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Making the decision to outsource some or all of your IT systems is a difficult decision to make but the appeal is stronger than ever, says Karl Flinders, services editor at Computer Weekly.
He points out that while the evolution of IT means firms will often need to make regular investments into the their computer infrastructure, lowering costs is the priority for most in this current climate.
Indeed, a recent study conducted by the consultancy KPMG found that 70 per cent of business decision makers made the move to outsourcing because it can significantly lower their overheads.
However, the study also found that factors such as access to skills (51 per cent), quality improvements (48 per cent) and ways in which to improve the business (21 per cent) are all becoming increasingly important.
Robert Morgan, director at Burnt Oak Partners, a London-based outsourcing consultancy, told Mr Flinders that despite these undeniable benefits, firms should still only approach outsourcing after they have first made sure what level of service is right for them.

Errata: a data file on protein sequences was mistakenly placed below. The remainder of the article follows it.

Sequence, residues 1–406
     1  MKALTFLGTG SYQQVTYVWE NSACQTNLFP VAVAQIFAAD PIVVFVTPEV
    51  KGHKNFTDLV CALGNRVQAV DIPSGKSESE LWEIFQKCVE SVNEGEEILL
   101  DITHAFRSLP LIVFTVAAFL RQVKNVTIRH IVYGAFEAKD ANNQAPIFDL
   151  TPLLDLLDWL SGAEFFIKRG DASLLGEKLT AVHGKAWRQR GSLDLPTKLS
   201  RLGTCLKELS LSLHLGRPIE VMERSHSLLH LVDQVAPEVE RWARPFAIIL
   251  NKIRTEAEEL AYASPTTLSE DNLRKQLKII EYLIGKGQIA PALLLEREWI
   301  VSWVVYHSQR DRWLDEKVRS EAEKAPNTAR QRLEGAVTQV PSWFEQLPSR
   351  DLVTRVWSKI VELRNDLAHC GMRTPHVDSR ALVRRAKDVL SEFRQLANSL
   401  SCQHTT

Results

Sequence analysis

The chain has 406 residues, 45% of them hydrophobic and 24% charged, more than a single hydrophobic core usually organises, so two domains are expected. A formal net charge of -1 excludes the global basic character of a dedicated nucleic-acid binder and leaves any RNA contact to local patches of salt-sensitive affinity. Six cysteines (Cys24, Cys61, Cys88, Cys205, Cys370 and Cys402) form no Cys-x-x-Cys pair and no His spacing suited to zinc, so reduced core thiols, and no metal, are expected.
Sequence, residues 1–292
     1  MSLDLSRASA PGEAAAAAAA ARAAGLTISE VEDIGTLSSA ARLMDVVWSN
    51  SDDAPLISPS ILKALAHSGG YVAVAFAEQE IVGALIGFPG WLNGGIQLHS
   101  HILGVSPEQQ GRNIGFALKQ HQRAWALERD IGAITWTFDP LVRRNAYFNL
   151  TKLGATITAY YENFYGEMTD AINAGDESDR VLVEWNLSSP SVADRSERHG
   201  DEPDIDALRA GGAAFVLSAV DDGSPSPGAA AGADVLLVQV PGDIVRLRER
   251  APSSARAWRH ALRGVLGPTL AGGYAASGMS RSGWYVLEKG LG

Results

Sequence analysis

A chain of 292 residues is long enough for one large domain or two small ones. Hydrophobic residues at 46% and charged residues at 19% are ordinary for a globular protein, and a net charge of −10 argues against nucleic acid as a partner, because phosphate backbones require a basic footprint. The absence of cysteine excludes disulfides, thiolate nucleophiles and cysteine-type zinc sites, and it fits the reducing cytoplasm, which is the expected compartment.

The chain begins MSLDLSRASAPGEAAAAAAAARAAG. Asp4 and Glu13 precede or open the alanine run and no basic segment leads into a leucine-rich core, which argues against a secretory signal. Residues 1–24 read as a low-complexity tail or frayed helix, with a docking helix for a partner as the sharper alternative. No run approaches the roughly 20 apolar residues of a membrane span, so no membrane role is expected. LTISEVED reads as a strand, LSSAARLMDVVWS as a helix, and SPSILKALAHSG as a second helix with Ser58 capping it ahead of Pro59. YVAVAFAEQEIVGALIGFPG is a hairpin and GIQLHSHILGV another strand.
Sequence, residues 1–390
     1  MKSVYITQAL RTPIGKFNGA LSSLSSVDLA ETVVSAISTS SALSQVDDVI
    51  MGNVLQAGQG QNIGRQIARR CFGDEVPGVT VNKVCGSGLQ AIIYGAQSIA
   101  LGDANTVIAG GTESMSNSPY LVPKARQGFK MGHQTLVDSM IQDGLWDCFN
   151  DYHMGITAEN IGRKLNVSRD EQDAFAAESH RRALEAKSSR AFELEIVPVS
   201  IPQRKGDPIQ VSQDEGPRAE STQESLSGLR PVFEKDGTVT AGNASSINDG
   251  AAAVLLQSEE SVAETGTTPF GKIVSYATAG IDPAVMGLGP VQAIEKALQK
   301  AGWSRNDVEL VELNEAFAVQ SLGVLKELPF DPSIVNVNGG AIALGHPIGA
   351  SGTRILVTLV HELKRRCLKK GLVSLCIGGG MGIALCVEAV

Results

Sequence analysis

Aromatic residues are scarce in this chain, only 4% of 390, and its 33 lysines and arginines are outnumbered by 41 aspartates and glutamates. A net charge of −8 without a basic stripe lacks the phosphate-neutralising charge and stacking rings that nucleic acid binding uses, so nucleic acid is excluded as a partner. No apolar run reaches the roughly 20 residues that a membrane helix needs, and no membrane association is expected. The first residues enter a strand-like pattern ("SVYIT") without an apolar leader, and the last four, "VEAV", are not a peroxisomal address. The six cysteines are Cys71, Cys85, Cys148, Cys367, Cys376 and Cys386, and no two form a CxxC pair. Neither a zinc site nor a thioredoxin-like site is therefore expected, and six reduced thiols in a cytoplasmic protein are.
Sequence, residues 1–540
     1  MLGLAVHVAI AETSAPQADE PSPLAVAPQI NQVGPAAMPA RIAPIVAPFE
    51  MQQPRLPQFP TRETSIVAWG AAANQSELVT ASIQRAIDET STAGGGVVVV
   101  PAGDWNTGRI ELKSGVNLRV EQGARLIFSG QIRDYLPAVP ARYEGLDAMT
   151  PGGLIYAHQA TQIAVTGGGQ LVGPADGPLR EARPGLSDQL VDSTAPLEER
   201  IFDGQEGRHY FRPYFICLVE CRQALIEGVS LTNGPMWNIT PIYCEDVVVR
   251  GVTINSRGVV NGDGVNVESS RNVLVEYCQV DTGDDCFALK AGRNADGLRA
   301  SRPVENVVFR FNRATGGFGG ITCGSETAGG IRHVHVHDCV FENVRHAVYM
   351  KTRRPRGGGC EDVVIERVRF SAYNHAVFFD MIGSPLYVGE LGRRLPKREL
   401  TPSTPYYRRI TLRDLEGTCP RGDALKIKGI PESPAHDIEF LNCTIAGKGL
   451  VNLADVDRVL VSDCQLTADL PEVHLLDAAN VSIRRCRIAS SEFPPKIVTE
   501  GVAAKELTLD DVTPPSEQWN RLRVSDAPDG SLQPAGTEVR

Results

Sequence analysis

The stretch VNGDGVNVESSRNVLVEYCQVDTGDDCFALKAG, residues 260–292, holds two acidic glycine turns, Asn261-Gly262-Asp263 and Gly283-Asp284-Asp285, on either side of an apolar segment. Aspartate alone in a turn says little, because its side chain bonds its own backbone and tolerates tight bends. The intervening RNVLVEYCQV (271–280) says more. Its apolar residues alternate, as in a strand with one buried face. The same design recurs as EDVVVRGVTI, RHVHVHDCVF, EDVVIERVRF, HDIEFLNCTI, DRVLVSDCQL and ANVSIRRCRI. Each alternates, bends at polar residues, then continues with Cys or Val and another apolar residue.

“Once a decision to outsource is made, there is no going back without considerable pain, risk and investment to bring it back in house,” he said.
General Motors can be seen as an example of a firm which is currently going through the process of reversing its outsourcing and bringing more operations back in-house.
Currently the car manufacturer uses third party companies for 90 per cent of its IT with just ten per cent carried out in-house, but it is looking to completely reverse this.
Mr Flinders believes that cloud computing is also set to change the way in which companies view outsourcing.
He said: “The cloud, which is a form of outsourcing where many companies share resources on demand, will soon become a dilemma for business. The lower costs, flexibility and ability to change suppliers is attractive compared with fixed-term, fixed-cost outsourcing contracts.”